Jackson told an ESPN reporter, "Am I crazy, or am I the only one that heard [the legislators] say, 'We took the United States immigration law and adapted it to our state'?"
Jackson then asked the reporter if his interpretation of the law was correct, who responded that Arizona "usurped the federal law."
Jackson disagreed, saying "it's not usurping, they just copied it, is what they said they did, the legislators. Then they give it some teeth to be able to enforce it."
The comments were nearly two weeks ago, but as the Lakers took on the Phoenix Suns Monday night, the Mexican American Political Association and the Southern California Immigration Coalition found a high-profile backdrop for a protest.
Arizona State Bill 1070 empowers local law enforcement to check the immigration status of suspects they have stopped for other reasons if there is a reasonable suspicion they are in the country illegally. The law specifically bars police from racial profiling.
On Monday, Jackson released a statement on the controversy, saying, "I've been involved in a number of progressive political issues over the years and I support those who stand up for their beliefs. It is what makes this country great. I have respect for those who oppose the new Arizona immigration law, but I am wary of putting entire sports organizations in the middle of political controversies. This was the message of my statement. I know others feel differently, even in the Lakers organization, but it was a personal statement. In this regard, it is my wish that this statement not be used by either side to rally activists."
L.A. Mayor Antonio Villaraigosa said Monday: "Everything I've seen over the years about him, he's a good man. I don't know why folks have decided to picket him, and I certainly don't endorse that. I think that's separate and apart from what we think about the boycott."
The biggest question about the law is how it will be enforced without leading to racial profiling of Hispanics.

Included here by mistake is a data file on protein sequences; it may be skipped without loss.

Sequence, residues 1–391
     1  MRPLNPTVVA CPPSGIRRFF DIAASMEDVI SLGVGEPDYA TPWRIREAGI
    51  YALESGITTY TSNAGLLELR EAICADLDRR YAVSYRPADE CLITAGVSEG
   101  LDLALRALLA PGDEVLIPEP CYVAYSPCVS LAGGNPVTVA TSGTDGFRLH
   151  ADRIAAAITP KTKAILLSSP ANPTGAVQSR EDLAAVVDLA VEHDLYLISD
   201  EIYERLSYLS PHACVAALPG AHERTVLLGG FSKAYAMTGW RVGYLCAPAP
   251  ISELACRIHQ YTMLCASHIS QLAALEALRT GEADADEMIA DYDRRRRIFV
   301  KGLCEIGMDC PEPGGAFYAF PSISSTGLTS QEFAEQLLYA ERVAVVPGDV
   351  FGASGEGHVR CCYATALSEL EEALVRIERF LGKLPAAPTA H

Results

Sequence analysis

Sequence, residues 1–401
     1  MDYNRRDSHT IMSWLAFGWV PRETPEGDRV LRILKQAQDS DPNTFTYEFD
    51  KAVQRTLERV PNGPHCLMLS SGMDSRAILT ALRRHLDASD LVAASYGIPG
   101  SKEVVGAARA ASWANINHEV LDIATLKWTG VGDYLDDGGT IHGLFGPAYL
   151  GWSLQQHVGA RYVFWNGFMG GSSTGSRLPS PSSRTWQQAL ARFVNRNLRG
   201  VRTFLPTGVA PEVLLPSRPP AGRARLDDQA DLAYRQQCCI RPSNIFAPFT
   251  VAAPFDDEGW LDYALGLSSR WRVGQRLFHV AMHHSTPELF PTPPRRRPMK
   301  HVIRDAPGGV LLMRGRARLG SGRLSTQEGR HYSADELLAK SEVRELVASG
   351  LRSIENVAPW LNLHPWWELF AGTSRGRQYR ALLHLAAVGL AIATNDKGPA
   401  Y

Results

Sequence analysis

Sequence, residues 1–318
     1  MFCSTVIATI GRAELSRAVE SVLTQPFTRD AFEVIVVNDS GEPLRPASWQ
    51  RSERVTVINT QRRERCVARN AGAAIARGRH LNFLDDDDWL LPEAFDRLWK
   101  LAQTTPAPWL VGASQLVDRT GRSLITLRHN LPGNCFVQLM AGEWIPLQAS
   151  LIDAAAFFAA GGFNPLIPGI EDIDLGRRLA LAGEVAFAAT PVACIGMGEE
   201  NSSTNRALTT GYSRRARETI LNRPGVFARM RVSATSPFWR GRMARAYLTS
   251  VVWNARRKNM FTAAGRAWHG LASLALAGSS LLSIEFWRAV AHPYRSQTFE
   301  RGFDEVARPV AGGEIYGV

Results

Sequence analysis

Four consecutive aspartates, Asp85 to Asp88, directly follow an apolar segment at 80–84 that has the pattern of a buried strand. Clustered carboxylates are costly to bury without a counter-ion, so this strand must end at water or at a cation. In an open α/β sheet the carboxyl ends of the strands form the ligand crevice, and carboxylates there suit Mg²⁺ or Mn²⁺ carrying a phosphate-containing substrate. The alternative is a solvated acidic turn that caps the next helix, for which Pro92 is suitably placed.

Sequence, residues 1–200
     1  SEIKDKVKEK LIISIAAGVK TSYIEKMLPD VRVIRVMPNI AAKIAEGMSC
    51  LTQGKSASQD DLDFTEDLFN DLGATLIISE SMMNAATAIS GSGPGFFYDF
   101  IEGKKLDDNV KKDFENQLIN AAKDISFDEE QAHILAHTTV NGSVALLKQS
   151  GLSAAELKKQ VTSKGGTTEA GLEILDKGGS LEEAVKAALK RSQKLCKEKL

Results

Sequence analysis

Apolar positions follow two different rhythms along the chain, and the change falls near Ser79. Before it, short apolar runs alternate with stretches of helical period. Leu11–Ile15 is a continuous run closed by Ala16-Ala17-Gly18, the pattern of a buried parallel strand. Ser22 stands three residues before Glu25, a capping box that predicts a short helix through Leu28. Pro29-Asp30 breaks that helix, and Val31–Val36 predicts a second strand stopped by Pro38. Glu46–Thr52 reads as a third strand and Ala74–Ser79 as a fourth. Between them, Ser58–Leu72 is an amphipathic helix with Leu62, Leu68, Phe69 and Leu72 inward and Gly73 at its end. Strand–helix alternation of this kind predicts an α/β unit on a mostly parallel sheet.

Immigration-rights groups such as the Mexican American Legal Defense and Educational Fund (MALDEF) feel that will happen. The organization filed a lawsuit Monday morning in Phoenix.
"Being undocumented is a status. You can't see it on someone's face, it's not written anywhere on that person, so they're going to be relying on stereotypes like skin tone, intonation, accent and surname," said Victor Viramontes, MALDEF senior national counsel.
The Lakers defeated the Suns Monday night. The Suns made their own headlines when the team wore jerseys that read "Los Suns" on May 5, Cinco de Mayo. Immigration activists say part of the reason for their picket line will be to thank the Suns for their symbolic support, but the main reason is to express unhappiness over Jackson's comments.
"As Laker fans, we're really hurt that Phil Jackson would come out and defend such a racist law," said Ron Gochez, Mexican American Political Association. "We want Phil Jackson to come out publicly and explain what he meant by that, and we want the Lakers as an organization and Phil Jackson as a coach to say that he does not support that racist law."
Jackson has been known to make inflammatory comments as a way to play mind games with opposing players.
Some fans outside the Staples Center on Monday said if Jackson wants to talk politics, he should save it for the off-season.
"Focus on the game, that's his job," said Oakland resident Ben Colbert.
Activists wanted the Lakers to put on "Los Lakers" that they wore to honor Hispanic fans in March. But team officials said those jerseys will not be worn during the playoffs.
City News Service contributed to this story.